Read Part 1.
Morality, Forgiveness, and the Afterlife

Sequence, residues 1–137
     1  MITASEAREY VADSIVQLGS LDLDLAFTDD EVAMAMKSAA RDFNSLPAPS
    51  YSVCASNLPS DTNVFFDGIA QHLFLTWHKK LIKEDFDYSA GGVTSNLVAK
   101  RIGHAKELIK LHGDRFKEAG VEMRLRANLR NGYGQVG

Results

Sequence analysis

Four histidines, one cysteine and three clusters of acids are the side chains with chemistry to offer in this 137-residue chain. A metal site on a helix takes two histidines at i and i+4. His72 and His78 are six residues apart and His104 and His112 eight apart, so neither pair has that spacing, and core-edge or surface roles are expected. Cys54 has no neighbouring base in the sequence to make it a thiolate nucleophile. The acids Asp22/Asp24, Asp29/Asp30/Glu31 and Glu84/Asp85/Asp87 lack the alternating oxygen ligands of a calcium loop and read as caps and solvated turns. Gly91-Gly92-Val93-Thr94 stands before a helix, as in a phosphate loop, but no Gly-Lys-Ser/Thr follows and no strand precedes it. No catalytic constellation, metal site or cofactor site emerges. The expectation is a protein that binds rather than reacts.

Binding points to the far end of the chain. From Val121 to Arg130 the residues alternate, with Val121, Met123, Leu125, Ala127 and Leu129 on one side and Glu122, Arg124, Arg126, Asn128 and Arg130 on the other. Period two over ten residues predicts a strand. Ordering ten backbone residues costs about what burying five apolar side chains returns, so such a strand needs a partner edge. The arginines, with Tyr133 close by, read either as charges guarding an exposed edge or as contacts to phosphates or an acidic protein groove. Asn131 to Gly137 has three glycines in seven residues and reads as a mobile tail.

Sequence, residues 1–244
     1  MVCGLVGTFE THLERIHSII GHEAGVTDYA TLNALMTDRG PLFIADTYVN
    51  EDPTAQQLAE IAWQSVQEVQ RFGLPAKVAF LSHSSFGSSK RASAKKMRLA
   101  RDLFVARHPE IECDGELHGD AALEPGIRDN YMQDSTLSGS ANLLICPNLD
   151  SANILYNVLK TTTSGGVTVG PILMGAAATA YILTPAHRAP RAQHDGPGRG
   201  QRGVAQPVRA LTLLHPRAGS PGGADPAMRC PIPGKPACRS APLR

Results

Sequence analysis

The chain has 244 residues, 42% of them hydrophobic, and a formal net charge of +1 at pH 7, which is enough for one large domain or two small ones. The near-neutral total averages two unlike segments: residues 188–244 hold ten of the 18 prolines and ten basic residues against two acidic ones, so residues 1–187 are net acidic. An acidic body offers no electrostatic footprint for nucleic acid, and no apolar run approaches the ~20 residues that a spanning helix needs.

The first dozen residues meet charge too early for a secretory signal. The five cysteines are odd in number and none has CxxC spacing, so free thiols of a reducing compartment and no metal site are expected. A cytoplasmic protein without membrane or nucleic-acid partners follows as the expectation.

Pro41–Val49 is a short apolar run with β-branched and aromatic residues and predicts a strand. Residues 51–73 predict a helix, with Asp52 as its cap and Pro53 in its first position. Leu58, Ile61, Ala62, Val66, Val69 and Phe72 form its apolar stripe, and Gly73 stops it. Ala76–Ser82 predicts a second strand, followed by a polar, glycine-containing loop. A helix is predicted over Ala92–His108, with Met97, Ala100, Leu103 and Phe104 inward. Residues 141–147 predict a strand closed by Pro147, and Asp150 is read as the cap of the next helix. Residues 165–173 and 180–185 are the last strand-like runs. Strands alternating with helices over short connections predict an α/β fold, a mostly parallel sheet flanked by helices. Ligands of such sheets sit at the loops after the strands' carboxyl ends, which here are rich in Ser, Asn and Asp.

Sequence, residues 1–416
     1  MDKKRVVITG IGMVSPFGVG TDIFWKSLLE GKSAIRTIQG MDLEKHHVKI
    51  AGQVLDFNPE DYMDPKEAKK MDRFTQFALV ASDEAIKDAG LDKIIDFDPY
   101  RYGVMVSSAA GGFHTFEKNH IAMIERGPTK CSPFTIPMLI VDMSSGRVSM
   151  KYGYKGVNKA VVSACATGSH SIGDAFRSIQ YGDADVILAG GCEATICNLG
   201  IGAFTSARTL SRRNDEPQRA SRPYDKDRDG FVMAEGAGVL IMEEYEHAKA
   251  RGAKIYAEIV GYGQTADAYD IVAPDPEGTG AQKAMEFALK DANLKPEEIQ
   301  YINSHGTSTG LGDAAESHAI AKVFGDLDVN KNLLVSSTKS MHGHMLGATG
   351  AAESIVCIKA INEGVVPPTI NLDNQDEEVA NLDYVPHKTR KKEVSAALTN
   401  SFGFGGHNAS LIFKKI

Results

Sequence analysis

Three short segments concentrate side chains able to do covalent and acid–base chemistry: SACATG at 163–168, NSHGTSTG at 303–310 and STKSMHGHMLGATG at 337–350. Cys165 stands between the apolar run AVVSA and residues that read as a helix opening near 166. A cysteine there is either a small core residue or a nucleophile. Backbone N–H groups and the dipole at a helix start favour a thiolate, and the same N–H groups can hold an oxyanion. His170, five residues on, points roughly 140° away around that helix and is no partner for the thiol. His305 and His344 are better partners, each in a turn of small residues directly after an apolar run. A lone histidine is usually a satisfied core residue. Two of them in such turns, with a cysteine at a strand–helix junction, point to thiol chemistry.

Though ancient Near Eastern religions carefully defined cultic requirements, they did not always give the same attention and emphasis to moral requirements. Both the Mesopotamians and also the Egyptians believed in the concepts of justice and truth. But tradition rather than revelation largely defined these concepts, and they were usually defined more in terms of social virtue than in terms of personal holiness.24 Indeed, the gods themselves were often guilty of gross vice and immorality.25 Consequently, people’s view of morality was distorted, and they would determine their standing with the gods primarily on the basis of cultic performance,26 divination,27 or enlightenment.28 In light of their inadequate view of the nature and necessity of holiness, their confessions of sin never rose to the level of contrition found in King David’s fifty-first psalm.29